After one of his first visits to Seeds of Peace camp, and witnessing the rare interactions between Israeli and Palestinian youths, former NBA player B.J. Armstrong was quickly humbled.
“We talk about war, but these kids have lived it,” he said. “The thing I’ve learned from this is that I don’t know anything.”
Celtics rookie Marcus Smart will receive his own education in the world’s most unrelenting conflict today, when the camp holds its annual NBA players clinic.
Agent Arn Tellem went to this camp on the shore of Maine’s Lake Pleasant as a boy, when it was called Camp Powhatan. Eight years after the late journalist John Wallach opened the site to Israeli and Palestinian youth, Tellem began encouraging clients like Armstrong, Brian Scalabrine and LaMarcus Aldridge to mix with the campers.
The result is the session Smart will help run today along with players like fellow rookie Joel Embiid and Scalabrine, who now directs the clinic. The conditions are always charged, especially when the campers meet at night in an attempt to talk out their differences. But in certain years the tension spikes.
When Armstrong spoke of his ignorance in the summer of 2006, Hezbollah was firing missiles into northern Israel, prompting a surge into southern Lebanon by the Israeli army. Approximately 1,800 people, the vast majority of Palestinians in Gaza, have died over the last two months as the result of shelling between Hamas and Israel.
This week’s 180 campers include what, in Tellem’s words, are a “handful” of children from Gaza.
“From what I’ve been told, they were among the last people to make it over the Egyptian crossing before the borders were closed,” said Tellem.
Smart will teach basketball to an adoring group of youngsters today, but he stands to learn more from them.
“I can learn a tremendous amount from them,” he said last night. “No matter how old or young, or big or small, there is something you can take away from everyone. But I know this is also going to be a great opportunity to put some smiles on some kids’ faces.”
Smart admittedly hasn’t had much time to prepare for this visit. His summer has been crammed with a chain of new experiences, starting with the NBA draft and the Orlando Summer League. He was one of only two rookies (along with Chicago’s Doug McDermott) invited to Las Vegas as part of the USA Select Team, to spar with players attempting to make the U.S. national team.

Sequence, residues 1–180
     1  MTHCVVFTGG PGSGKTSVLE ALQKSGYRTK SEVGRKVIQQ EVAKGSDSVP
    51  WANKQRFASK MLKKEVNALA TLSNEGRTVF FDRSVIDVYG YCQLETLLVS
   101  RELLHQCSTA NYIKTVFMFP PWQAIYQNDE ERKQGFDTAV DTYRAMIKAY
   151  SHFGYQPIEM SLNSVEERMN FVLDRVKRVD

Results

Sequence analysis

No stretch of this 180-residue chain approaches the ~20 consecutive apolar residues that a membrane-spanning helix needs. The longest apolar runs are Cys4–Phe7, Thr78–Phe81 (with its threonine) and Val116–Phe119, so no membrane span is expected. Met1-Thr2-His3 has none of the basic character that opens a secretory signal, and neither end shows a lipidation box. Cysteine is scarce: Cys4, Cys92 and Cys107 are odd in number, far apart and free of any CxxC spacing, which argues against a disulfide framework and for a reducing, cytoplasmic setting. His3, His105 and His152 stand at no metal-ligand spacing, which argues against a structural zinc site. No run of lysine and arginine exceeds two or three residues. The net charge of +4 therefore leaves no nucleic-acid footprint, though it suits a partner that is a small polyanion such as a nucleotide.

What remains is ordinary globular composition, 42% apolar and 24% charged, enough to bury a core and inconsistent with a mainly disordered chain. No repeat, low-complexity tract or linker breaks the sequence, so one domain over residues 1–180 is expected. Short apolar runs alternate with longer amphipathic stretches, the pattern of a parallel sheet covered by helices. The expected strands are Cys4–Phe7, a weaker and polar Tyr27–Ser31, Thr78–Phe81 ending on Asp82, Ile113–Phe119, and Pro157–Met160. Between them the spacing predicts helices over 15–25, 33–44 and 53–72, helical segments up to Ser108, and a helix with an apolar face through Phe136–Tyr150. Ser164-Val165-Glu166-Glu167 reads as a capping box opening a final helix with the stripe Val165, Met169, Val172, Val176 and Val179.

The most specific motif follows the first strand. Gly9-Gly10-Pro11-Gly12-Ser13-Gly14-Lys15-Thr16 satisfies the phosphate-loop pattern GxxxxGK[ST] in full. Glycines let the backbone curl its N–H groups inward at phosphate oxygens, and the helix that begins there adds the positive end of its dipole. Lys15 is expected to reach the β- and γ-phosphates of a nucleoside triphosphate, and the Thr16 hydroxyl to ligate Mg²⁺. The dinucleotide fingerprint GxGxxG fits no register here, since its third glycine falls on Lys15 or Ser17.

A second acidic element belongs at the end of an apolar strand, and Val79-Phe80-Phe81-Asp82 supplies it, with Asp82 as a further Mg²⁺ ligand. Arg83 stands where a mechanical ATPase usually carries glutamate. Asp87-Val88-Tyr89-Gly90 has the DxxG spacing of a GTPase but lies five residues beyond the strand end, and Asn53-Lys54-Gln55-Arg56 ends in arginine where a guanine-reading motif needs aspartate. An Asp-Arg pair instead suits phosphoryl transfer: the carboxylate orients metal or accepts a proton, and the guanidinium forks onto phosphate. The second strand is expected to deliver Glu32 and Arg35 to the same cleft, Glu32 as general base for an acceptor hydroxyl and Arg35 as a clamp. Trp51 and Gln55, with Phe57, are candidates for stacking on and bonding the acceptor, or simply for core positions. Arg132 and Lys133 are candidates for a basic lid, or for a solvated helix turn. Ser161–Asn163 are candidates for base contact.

He spent Wednesday in New Jersey, immersed in the NBA’s rookie transition program.
By the time he landed at Portland International Jetport last night, Smart’s mind was racing, but also tired.
“I’ve only heard a little bit about what’s happening over there,” he said of Gaza. “I’ve had so much I’ve been trying to get together this summer.”
On a certain level, Smart will be able to empathize. He grew up in a very tough neighborhood in the Dallas area, with some well-documented early challenges in his life. Some of the children he’ll meet today have known little beyond constant strife in lives disrupted by war.
In that respect, though, Smart isn’t deluding himself.
“To be honest, I can’t relate to it like that,” he said. “It’s very different from my situation.”
Tellem has little doubt, however, that by the end of the day Smart will find common ground with some new friends from halfway across the world.
“Marcus has so much sensitivity and empathy; he’ll connect with these kids,” said Tellem. “Empathy is the most important quality in this situation. Many of the players and kids end up staying in contact with each other, emailing each other. Scal has been coming here every year since his first summer. He’s a fixture at the camp.”
Smart, once his head clears from this whirlwind summer, will form similar bonds. Based on what Tellem has seen since he first started bringing players in 2002, Smart is on the verge of a rare education.
“The players get as much out of it, if not more than the children,” said Tellem. “For the players it’s life-changing. A lot of them end up following these events, and have a continued interest.
“But the next few days are going to be even more poignant for a kid like Marcus. The kids have just got here, too, and they’re just adapting. They’re all concerned about their families back home. It’s really a critical moment for the children when the players arrive. They’ve already been through some very intensive dialogue sessions. They could use a break.”